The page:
- Detecting usage patterns to help network administrators proactively plan for peak periods, thereby minimizing downtime for end users. Certain trends and patterns may result from seasonality in a client’s business or excessive logins that occur at a particular time.
Total system network monitoring is the foundation of well-managed IT services, or tasks managed by a third-party vendor. Unified monitoring and management solutions can also help you save time and money, while meeting increasing client support needs.
How does network monitoring work?
Network monitoring works by collecting and reporting on several types of data gathered from a client’s network. The collected data is filtered and analyzed to identify a variety of network problems or potential issues like device failures, poor response time, and outages.
Network monitoring tools will send alerts to network administrators so they can resolve issues.
Your IT team will work with clients to set specific protocols that prompt alerts in response to certain triggers, like error rates or devices that are offline. These protocols can measure several types of data, including those from:
- IP addresses
When planning a network monitoring strategy for a client, it’s important that it covers their entire IT infrastructure, including connectivity, network, and security systems relevant to their type of business. Understanding their needs will help you determine the types of network monitoring that will be most useful and effective for their business.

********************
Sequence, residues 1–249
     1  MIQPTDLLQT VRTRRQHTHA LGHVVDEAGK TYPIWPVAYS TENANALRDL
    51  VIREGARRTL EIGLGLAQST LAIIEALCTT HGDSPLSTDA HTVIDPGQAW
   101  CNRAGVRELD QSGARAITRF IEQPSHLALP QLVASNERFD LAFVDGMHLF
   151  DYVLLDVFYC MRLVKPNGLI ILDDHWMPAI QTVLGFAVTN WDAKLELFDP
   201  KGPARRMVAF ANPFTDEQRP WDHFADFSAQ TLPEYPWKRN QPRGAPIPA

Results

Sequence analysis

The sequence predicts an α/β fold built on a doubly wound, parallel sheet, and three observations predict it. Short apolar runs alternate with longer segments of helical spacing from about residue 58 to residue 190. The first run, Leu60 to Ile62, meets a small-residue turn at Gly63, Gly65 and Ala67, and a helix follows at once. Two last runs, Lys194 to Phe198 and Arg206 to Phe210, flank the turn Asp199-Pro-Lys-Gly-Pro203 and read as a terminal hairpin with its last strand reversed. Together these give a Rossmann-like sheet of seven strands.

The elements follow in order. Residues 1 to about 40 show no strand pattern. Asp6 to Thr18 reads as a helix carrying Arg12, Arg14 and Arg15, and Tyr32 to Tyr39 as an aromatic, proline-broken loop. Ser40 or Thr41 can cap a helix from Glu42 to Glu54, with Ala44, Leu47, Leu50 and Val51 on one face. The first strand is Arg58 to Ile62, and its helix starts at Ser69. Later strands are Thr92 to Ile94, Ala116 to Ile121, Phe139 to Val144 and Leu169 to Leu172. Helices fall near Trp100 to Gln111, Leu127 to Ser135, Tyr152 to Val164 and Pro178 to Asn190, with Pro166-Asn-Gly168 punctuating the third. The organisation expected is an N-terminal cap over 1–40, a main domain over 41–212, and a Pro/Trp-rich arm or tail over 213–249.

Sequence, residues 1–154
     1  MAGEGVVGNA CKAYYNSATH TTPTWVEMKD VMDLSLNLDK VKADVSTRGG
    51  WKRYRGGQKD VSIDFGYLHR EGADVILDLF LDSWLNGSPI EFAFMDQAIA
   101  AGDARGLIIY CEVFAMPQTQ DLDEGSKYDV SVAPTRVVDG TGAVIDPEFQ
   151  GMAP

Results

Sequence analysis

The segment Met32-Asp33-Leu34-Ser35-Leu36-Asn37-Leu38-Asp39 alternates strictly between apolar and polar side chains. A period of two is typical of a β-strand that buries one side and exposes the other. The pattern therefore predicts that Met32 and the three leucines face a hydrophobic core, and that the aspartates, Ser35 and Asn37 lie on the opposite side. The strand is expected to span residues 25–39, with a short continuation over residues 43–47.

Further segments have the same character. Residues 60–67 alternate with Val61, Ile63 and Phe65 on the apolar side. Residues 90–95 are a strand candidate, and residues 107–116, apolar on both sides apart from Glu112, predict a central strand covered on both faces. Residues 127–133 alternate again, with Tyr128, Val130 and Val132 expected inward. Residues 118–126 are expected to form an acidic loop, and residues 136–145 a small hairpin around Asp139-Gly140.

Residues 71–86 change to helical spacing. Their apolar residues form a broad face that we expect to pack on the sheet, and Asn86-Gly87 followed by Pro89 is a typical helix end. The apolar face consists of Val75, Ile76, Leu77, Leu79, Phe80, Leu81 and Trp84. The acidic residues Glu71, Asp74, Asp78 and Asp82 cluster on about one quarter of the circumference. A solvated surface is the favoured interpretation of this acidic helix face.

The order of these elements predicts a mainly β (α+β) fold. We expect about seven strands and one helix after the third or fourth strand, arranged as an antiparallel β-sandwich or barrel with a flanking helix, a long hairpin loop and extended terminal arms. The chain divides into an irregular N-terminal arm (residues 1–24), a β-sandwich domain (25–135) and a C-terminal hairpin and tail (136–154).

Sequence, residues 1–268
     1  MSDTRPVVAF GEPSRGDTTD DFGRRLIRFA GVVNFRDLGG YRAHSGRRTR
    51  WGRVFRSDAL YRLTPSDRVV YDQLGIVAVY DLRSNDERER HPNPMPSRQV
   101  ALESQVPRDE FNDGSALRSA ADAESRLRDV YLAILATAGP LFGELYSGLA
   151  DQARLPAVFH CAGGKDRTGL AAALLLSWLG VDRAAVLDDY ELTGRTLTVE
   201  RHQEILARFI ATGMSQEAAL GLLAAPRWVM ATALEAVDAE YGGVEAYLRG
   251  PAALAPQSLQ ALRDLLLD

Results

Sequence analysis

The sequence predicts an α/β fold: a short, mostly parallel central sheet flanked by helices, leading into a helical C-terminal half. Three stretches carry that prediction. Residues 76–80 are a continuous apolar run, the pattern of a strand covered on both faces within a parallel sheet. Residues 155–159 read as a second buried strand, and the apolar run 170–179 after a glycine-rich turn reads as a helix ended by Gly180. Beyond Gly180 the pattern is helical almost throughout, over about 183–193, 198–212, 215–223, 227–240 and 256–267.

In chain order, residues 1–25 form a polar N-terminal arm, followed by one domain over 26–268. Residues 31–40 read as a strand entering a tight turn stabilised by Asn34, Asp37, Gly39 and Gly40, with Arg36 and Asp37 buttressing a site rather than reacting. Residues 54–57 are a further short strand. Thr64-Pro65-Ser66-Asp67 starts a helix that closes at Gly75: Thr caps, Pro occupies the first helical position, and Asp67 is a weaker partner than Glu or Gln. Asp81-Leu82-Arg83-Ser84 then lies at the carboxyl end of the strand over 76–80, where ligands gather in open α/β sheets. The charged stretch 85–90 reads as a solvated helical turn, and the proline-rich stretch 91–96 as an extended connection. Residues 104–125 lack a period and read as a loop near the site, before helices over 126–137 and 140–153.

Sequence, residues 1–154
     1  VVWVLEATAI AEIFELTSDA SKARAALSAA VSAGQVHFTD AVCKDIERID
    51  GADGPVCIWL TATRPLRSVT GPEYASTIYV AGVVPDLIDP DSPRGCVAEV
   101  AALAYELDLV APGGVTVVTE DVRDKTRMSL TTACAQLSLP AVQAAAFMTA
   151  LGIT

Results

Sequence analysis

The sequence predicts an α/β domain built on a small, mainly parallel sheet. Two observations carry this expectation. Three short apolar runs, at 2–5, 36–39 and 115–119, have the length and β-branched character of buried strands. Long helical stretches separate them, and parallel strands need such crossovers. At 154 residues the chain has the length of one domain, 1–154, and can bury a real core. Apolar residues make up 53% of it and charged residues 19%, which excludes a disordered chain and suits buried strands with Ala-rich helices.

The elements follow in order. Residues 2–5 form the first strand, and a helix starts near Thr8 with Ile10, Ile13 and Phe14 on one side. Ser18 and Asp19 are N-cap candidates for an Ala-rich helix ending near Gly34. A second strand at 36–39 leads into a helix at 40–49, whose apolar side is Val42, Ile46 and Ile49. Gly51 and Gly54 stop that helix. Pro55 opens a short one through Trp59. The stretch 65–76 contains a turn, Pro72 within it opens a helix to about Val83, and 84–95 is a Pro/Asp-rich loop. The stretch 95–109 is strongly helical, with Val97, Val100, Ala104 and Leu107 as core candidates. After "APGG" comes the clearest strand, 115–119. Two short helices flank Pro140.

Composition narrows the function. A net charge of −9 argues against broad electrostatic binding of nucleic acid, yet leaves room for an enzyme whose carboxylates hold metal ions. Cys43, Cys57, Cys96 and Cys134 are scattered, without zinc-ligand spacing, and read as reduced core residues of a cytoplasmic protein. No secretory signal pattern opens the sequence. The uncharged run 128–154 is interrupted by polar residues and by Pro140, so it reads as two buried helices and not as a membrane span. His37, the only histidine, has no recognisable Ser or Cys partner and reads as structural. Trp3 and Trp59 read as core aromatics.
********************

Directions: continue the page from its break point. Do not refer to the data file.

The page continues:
Types of network monitoring
There are several different types of network monitoring to help oversee and monitor the state of your clients’ networks, but the volume of data can be overwhelming. That’s why it’s important to tailor your networking strategy to each client’s organization and their needs.
To effectively wade through the data, you can set protocols with network monitoring software to define which types of data best support your client’s organization. Types of network monitoring examples include:
- Performance monitoring. You can see and define which components you’d like to measure performance for, which can include everything from knowing the temperature of a device to how memory is being utilized.
- Event monitoring. Keep track of which devices have the most events occurring to stay on top of potential issues and identify only the most critical events to reduce the number of alerts you receive.
- Network change and configuration management (NCCM). You can set rules on what configurations you want to analyze in a network so you can see changes and align configurations for your client’s needs, like audit compliance.